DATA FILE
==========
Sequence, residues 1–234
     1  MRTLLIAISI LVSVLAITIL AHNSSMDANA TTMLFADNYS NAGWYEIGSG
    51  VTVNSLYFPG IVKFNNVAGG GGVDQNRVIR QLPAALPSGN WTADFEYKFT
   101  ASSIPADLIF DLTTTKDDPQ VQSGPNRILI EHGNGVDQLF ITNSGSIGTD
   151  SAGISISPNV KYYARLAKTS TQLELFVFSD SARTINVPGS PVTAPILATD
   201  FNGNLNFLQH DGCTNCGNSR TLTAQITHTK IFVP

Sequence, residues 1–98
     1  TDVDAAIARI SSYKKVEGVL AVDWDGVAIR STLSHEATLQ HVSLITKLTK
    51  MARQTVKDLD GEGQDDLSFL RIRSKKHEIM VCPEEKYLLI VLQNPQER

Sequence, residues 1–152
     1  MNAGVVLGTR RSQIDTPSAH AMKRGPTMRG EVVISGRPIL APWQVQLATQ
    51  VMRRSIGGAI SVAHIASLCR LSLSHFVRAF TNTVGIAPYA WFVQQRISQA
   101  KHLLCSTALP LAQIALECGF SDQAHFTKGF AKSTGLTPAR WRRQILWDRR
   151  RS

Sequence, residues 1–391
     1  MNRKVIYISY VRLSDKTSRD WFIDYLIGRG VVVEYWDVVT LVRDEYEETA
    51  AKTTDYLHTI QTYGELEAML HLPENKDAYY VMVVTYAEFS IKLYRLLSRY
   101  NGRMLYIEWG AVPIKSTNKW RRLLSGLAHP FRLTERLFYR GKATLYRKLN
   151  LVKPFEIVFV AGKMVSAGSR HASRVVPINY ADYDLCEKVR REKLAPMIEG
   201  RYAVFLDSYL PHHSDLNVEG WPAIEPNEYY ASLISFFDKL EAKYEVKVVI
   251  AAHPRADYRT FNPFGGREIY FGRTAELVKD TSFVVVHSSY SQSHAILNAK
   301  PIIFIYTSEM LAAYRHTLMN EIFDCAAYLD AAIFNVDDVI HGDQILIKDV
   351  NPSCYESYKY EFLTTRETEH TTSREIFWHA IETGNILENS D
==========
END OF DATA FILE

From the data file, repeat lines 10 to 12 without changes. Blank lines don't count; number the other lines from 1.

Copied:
Sequence, residues 1–152
     1  MNAGVVLGTR RSQIDTPSAH AMKRGPTMRG EVVISGRPIL APWQVQLATQ
    51  VMRRSIGGAI SVAHIASLCR LSLSHFVRAF TNTVGIAPYA WFVQQRISQA